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Zortrax develops 3D printing technology with support of ESA
by Staff Writers
Olsztyn, Poland (SPX) Oct 15, 2020

illustration only

Zortrax with the support of the European Space Agency (ESA) is working to develop a technology that enables 3D printing high-performance composite parts out of two blends of PEEK filament in dual extrusion on Zortrax Endureal industrial 3D printer.

After nearly a year of research and development efforts, we have reached a major milestone. The first prototype composite parts made out of standard PEEK and experimental electrically conductive PEEK developed by ESA have been successfully fabricated on the Zortrax Endureal.

The LPD Plus dual extrusion technology used in the Zortrax Endureal has been traditionally used to print support structures out different material than the model itself. However, across the aerospace sector, there is an increasing demand for high end composite parts 3D printed out of two high-performance polymers.

This is exactly what has just been achieved. To highlight what is possible with this new solution, Zortrax engineers used ESA's experimental blend of electrically conductive PEEK in combination with pure PEEK to print proof-of-concept models with simple electricity and data transfer features on the Zortrax Endureal.

"Reducing weight is always one of the key design goals in aerospace engineering and it can be done by building parts which serve multiple purposes at once. In a standard airplane or spacecraft, you need to include both structural elements and wiring responsible for transferring energy or data between various systems.

That is what we aim to solve with 3D printing PEEK components with electrically conductive paths. This way, the structural parts can at the same time perform electricity or data transfer functions without weight penalty incurred for additional wires.

Imagine casting a solid steel slab that also works as a USB connector. That's what the Endureal can do with high-performance polymers - says Michal Siemaszko, Head of Research and Development at Zortrax S.A.

Printing composite models have been made possible because the Endureal's impressive specs were bumped even further. Zortrax engineering team managed to increase the rigidity of the extrusion system which translated into even better dimensional accuracy. Other hardware changes resulted in the Endureal's reaching even higher operating temperatures.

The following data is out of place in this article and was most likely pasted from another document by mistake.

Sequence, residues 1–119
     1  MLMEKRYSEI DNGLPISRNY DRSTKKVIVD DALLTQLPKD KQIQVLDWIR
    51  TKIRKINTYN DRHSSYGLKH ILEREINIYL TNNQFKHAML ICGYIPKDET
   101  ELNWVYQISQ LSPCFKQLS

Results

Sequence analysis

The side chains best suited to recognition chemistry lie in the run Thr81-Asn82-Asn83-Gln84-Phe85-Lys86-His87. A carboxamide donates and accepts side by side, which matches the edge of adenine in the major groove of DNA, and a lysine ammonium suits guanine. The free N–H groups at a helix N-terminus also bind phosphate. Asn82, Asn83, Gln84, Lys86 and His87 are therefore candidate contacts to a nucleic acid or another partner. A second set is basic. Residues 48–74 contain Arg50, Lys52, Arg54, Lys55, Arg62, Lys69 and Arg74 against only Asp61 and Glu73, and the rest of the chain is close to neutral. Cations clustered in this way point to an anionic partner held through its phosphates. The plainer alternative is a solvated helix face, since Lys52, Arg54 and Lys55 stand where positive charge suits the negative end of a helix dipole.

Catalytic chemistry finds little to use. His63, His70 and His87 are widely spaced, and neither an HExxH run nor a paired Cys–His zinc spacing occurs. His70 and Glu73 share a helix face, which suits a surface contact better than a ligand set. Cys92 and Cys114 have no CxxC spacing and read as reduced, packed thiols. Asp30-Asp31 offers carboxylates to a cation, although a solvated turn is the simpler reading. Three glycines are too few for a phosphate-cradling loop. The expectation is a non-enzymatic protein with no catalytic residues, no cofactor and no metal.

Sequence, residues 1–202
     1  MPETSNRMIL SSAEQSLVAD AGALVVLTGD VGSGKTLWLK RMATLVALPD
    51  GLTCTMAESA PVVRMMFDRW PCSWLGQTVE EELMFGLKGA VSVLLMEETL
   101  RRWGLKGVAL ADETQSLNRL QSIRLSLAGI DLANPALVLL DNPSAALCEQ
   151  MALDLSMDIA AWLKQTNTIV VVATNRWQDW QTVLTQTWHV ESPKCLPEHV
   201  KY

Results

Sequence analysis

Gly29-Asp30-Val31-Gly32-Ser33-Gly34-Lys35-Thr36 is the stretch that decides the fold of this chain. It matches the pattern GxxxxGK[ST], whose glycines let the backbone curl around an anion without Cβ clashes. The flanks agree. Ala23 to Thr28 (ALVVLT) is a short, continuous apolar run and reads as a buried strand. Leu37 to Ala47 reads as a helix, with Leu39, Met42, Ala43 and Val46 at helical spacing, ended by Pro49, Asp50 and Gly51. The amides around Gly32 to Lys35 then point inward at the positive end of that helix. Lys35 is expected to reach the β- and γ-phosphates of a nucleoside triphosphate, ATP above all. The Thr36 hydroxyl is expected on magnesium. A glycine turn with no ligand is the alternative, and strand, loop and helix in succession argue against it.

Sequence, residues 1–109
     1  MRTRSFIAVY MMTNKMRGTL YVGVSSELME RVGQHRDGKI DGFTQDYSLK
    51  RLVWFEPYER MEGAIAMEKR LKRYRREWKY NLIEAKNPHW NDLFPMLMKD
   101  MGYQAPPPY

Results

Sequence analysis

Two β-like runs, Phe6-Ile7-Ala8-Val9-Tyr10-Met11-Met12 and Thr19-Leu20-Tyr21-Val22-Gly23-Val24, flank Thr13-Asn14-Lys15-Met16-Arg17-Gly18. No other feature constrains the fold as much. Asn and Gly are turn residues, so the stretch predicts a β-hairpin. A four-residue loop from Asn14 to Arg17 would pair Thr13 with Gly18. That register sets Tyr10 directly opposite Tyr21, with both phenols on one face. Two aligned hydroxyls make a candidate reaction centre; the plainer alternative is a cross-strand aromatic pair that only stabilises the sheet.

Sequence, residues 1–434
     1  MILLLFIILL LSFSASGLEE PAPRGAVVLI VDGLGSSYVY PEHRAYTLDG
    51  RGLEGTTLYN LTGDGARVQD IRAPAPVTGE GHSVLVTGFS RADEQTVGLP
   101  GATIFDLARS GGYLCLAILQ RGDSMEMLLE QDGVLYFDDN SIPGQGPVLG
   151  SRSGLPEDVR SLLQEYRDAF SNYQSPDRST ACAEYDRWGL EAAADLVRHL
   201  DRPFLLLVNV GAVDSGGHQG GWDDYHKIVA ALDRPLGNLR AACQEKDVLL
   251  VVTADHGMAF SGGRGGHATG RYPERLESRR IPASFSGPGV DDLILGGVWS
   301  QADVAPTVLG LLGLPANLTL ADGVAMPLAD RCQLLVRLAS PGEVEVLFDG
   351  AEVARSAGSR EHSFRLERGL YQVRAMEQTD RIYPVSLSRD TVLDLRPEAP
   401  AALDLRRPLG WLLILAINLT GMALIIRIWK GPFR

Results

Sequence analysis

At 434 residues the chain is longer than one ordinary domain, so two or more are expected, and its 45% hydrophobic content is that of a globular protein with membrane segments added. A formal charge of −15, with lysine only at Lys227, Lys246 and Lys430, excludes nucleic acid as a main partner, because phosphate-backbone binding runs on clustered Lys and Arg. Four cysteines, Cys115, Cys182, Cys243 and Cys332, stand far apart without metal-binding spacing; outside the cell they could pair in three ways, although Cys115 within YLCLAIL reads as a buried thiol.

The top extrusion temperature now stands at 480C. Maximum temperatures in the printing chamber and on the build platform can reach 200C and 220C, respectively, to further reduce warping and shrinkage of high performance materials. Printing composite parts out of two materials also required innovative changes in both firmware and software.

"The technology we are developing opens up a clear path to use the Zortrax Endureal for 3D printing smart components with built-in electrical circuits, all while retaining excellent thermal and mechanical properties of high-performance polymers like PEEK.

This will make this printer a powerful tool in the hands of engineers and designers working for high end and demanding application like automotive, aerospace and space. We also expect groundbreaking solutions developed in projects like this one to quickly trickle down to our production level 3D printers" says Rafal Tomasiak, the CEO of Zortrax S.A.

And this trickling down has already started. All changes and improvements that has been made to the printer's design to enable dual extrusion 3D printing using pure PEEK and conductive PEEK developed by ESA are already implemented across the board in all commercially available Endureal machines. The customers can rest assured that the printers they ordered will come ready to print composite models after a simple software update when the technology reaches production level.

Related Links
Zortrax Endureal industrial 3D printer
Space Technology News - Applications and Research

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New study on the space durability of 3D-printed nanocomposites
Houston TX (SPX) Oct 05, 2020
Thermoplastics such as Kapton or Teflon, which become soft when heated and harden when cooled, are used in aerospace applications such as wire insulation, thermal blankets, and metal surface coatings. However, these materials are known to degrade with prolonged exposure to the harsh conditions of space. A new study by the University of Illinois Urbana-Champaign (UIUC) will leverage the International Space Station (ISS) to determine whether a new class of 3D-printed polydicyclopentadiene (pDCPD)-ba ... read more

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